GBU-28s
Some sources suspect, thought it has not been proved, that Israel used U.S.-made GBU-28 bunker buster bombs to strike tunnels on the Rafah border and perhaps to hit buildings elsewhere during the operation. The U.S. sold Israel 100 of these 2.5-ton laser-guided munitions in 2005 and another 50 in 2007. Packed with 630 lbs of high explosives, a GBU-28 is capable of penetrating over 100 feet of earth or 20 feet of solid concrete.

GBU-39s
OCL marked Israel’s first use of GBU-39s, U.S.-made GPS-guided munitions said to be among the most accurate in the world. Israel received a rush shipment of 1,000 of them from the U.S. in late November or early December 2008. They were used from the opening “shock and awe” campaign through the end of operations, primarily to target tunnels but probably also to target structures such as security and government compounds. Superior design means the 250-lb. bomb has the same penetration capabilities (at least 3 feet of steel-reinforced concrete) as a normal bomb four times its size, although it has only 50 lbs. of explosives. Its small size and light weight increase the number of bombs a warplane can carry and consequently the number of targets that can be struck in a single sortie.

GBU-39s can be packed with 2 types of explosives: (1) steel encased AFX-757 high explosives or (2) a lightweight composite-encased focused blast explosive such as Dense Inert Metal Explosive (DIME). The DIME version is specifically intended to reduce collateral damage when using the weapon for pinpoint strikes in urban areas.At least some of the GBU-39s Israel used on Gaza are believed to have been DIME munitions (see more below).

Spike Multi-Purpose Anti-Armor Missile
Jointly developed by Israel’s Rafael corporation and the U.S. Navy in 2005–2006 and manufactured by Rafael, Spike is a medium- to extended-long-range “fire and forget” missile specially designed to make very high-speed turns, enabling it to chase a target on the move. Though designed as an antitank missile, it can also be used against buildings and unarmored vehicles. The missile trajectory can be arced to hit the target from above or set laterally to hit it straight on. It can be fired by infantry (similar to an RPG), warplane, or naval vessel. A miniature version can be hefted by UAVs. Aviation Week confirmed that the Israeli navy fired Spikes during OCL, and many sources suggest they were also fired by helicopters and ground forces during the operation, primarily to target structures. Some analysts suspect that during OCL, UAVs fired mini Spikes augmented with fragmentation sleeves that dispersed mini-cube shrapnel on detonation to increase casualties (see “Mini-Cube Shrapnel Missile” below).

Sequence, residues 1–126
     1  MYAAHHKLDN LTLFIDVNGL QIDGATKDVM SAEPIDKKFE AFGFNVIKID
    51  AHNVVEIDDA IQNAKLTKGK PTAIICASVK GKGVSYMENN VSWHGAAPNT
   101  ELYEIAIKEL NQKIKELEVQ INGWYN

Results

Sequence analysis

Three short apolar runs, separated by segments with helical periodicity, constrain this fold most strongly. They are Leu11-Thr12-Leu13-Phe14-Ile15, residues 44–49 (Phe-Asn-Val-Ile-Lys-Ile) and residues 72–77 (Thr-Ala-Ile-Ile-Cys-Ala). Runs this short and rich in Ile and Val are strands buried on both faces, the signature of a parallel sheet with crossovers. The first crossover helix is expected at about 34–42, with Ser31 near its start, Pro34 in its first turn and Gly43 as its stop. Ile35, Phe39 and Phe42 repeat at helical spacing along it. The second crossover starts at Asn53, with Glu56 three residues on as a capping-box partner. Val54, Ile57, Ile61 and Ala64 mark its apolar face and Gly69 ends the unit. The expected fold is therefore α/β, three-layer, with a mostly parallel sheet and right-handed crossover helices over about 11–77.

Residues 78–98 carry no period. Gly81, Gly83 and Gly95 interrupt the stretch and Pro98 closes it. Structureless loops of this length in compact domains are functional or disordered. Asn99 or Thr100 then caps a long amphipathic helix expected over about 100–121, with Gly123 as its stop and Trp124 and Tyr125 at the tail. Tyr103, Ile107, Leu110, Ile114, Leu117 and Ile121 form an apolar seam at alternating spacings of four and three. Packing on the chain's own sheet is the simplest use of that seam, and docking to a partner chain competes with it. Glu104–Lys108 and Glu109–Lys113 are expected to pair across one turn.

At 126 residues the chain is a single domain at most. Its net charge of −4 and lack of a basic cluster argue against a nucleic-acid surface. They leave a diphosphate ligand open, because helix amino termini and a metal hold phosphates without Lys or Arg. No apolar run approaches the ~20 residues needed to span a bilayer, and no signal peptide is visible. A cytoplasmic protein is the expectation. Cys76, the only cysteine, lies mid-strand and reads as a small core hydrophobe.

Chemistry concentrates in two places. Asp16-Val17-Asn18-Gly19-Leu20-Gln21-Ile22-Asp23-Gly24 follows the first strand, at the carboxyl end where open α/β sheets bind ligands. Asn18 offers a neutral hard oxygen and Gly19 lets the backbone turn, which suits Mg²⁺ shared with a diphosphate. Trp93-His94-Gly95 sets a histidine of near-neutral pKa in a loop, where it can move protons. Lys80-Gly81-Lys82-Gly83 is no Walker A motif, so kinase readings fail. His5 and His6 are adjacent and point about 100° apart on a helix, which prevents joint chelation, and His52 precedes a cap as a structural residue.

Anti-Personnel/Anti-Materiel Tank Rounds (APAM)
A primary reason Israel Military Industries (IMI) developed the anti-personnel/antimateriel (APAM) laser-guided tank round was to increase the tank corps’ ability to support the infantry by clearing pathways and creating passageways for soldiers in urban combat, particularly by blasting openings in walls of up to 20-inch double-reinforced concrete.When used in open areas, APAM essentially serves as an antipersonnel cluster bomb: 6 submunitions explode in succession above the target, “producing a very wide
and long lethal-fragmentation kill zone” roughly 55 yards by 20 yards, according to IMI, “leaving enemy infantry forces with no place to hide even if they are behind ground slopes, in trenches, and other concealed areas.” APAM has been in Israel’s arsenal since
2003, and HRW believes it was used during OCL, but use has not been confirmed.

Man-Portable Anti-Tank, Anti-Door Short-Range Anti-Armor Weapon (MATADOR)
The man-portable antitank, anti-door (MATADOR) is an RPG-sized, portable, disposable anti-armor weapon jointly developed by Israel and Singapore that was first used in combat during OCL. It was developed to destroy APCs and light tanks but was used during OCL particularly to breach walls in structures, allowing IDF troops to pass through and/or attack targets inside. According to the Singapore Defense Ministry, MATADOR is especially designed to offer “a nonconventional entry point for the soldier when fighting in built-up areas” and essentially acts as antipersonnel weapon against anyone behind a wall. It is so accurate that Israel’s Rafael corporation promotes its “mouse-holing capability” for targeting enemy combatants inside bunkers or buildings. The IDF also used a smaller modified version in OCL called the MATADOR-Wall Breach (MATADOR-WB) specifically designed to blast man-sized holes in standard urban walls.

CARPET (Using Fuel Air Explosives)
Made and developed by Israel’s Rafael corporation, CARPET is an antitank minefield clearing and IED neutralization system consisting of a launcher assembly holding 20 rockets equipped with fuel air explosive (FAE) warheads. The system can be fitted to